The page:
Letters to the Editor

Rashida Tlaib, you and Alexandria Ocasio-Cortez bring dishonor

Compiled by the Star-Telegram editorial board

U.S. Rep. Rashida Tlaib of Michigan
U.S. Rep. Rashida Tlaib of Michigan The Associated Press

Don’t let this be the new GOP normal

As a lifelong conservative, I grew up working in Republican politics. I believe the Bill of Rights speaks to the core of America. It’s no accident that the first reference in the Bill of Rights is religious freedom.

It’s disconcerting that some Tarrant County GOP members are trying to discriminate against someone in direct violation of his First Amendment rights. Recent actions of these few have no place in my party. To displace an official from his position because of his faith goes against the Bill of Rights, and against traditional Republican Party ideals.

There is concern about people trying to wear the Republican label. Pharisaical discrimination under the guise of patriotism has no place in the GOP.

Former Sen. Alan Simpson said during the funeral of President George H.W. Bush, “Hatred corrodes the container that it’s carried in.” The same could happen to our party if we allow the actions of these few outliers to take root.

Cole Camp,


Some elevation of our discourse

The media touted the election of 102 women to Congress as a major step in reforming ethics and bringing civility back to the House. If the behavior, language and rhetoric of newly elected Reps. Alexandria Ocasio-Cortez and Rashida Tlaib are an example of what they bring to Congress, then there will be a wider abyss developing in governance

Ocasio-Cortez is proud to wear the label of radical while advocating for a redistribution of wealth as well as expanding the federal nanny state. There isn’t enough money in those who make $10 million a year to pay for her expansion of government. It makes me wonder if she slept through her economics lectures.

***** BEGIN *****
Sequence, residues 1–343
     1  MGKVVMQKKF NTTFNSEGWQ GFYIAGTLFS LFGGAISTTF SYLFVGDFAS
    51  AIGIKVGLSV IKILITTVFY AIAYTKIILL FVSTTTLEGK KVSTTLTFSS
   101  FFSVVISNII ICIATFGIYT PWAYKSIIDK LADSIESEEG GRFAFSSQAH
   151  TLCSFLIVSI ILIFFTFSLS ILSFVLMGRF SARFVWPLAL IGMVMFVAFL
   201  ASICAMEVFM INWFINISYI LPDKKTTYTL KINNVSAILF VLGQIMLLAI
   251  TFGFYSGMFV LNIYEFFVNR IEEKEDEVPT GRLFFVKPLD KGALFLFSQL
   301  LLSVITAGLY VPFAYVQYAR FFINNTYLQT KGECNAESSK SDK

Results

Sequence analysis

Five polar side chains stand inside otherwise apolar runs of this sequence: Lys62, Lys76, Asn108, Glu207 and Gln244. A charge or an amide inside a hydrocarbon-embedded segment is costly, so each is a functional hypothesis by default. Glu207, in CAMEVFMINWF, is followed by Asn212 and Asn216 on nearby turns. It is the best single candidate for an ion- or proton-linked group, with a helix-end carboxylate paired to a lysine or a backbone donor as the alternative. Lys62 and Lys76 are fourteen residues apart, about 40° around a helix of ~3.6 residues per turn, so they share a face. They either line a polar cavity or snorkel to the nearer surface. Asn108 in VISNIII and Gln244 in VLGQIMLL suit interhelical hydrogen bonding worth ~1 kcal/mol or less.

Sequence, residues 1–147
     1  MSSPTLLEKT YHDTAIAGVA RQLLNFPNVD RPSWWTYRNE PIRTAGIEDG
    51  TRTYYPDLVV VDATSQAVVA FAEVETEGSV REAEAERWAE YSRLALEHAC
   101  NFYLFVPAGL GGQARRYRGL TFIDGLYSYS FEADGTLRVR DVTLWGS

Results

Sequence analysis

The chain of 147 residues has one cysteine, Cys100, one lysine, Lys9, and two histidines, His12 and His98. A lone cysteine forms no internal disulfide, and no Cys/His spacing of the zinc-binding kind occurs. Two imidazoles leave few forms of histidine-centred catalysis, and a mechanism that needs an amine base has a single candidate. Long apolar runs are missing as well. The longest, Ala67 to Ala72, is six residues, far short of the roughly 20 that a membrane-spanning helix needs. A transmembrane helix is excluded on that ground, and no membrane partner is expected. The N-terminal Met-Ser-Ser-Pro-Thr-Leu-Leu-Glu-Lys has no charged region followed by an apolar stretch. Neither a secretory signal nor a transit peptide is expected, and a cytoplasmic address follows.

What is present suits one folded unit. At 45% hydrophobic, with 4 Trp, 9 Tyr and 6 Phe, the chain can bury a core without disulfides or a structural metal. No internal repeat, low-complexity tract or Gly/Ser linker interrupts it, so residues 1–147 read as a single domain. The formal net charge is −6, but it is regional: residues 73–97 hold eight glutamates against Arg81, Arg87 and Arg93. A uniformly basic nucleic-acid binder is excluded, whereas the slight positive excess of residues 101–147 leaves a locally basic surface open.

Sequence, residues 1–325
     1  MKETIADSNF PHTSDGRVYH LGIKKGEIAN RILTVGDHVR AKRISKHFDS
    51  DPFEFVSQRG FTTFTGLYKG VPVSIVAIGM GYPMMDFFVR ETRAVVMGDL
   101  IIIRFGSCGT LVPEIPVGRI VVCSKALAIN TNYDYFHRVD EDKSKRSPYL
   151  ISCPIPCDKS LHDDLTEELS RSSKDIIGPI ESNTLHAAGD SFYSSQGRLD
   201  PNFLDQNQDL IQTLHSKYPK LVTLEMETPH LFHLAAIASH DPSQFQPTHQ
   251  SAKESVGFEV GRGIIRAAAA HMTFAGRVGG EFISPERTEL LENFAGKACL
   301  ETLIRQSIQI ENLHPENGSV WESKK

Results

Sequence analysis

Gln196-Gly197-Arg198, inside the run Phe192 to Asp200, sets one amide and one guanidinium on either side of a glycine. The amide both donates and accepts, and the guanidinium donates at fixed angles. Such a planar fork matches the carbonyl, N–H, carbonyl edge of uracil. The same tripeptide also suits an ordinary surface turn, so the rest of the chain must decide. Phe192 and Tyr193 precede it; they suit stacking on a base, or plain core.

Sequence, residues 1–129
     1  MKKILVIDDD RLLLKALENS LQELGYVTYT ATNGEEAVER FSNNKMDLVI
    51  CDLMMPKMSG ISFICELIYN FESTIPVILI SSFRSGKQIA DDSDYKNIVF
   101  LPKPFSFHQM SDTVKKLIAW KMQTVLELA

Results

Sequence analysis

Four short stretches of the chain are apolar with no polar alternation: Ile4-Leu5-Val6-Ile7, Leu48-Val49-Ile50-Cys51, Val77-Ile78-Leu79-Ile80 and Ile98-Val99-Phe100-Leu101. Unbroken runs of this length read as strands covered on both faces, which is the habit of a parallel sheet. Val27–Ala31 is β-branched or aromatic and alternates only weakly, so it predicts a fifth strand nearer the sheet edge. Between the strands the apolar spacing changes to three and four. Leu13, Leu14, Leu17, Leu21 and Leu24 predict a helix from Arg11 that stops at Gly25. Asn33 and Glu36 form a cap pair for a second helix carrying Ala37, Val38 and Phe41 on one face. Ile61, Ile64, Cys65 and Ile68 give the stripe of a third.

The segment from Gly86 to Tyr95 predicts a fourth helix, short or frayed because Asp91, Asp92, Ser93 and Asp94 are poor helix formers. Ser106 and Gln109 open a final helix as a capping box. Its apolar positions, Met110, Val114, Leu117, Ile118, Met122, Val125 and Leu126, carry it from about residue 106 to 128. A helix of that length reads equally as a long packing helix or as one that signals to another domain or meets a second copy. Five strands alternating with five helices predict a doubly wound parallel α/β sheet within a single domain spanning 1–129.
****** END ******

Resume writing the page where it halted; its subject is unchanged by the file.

As a Muslim woman, Tlaib is an embarrassment to her religion. Yes, she covered up for photographers for her swearing-in and then began swearing. Her language against the president should evoke an ethics review for conduct detrimental to Congress.

Charles Andrews,

Fort Worth

Yes, let’s go to the votes, shall we?

While I disagree with 99.9 percent of Richard Greene’s comments on the potential outcomes of attempts to impeach President Donald Trump, I join him in his thought that former FBI director James Comey was “absolutely correct in saying that it is the business of voters to decide who is president.” (Jan. 6, 5B, “Trump impeachment would fracture foundation, foment unrest in US”)

And since about 3 million more voters supported Hillary Clinton than Donald Trump, I guess Greene and I are in agreement that Clinton should be our current president.

Roger Tuttle,

Fort Worth

Clear thinking on immigration

Anyone who thinks a border wall is worth a government shutdown needs to understand that any security effort is partly theater. Think about it: There’s no way TSA catches 100 percent of items prohibited from airplanes. But the theatrical presentation discourages many people. Someone determined to do harm, however, gets more creative.

A border wall would stop some people. But it wouldn’t stop anyone in an airplane with a visa who simply never goes home. It wouldn’t stop semi-trucks loaded with migrants that already routinely get through the checkpoints illegally.

A wall would just change how people get in. You can’t discourage desperate people that easily. Working to understand what drives the attempts and trying to improve these people’s desperate situations is a novel idea, don’t you think? There are no simple answers.

Daniel J. Haase,

Fort Worth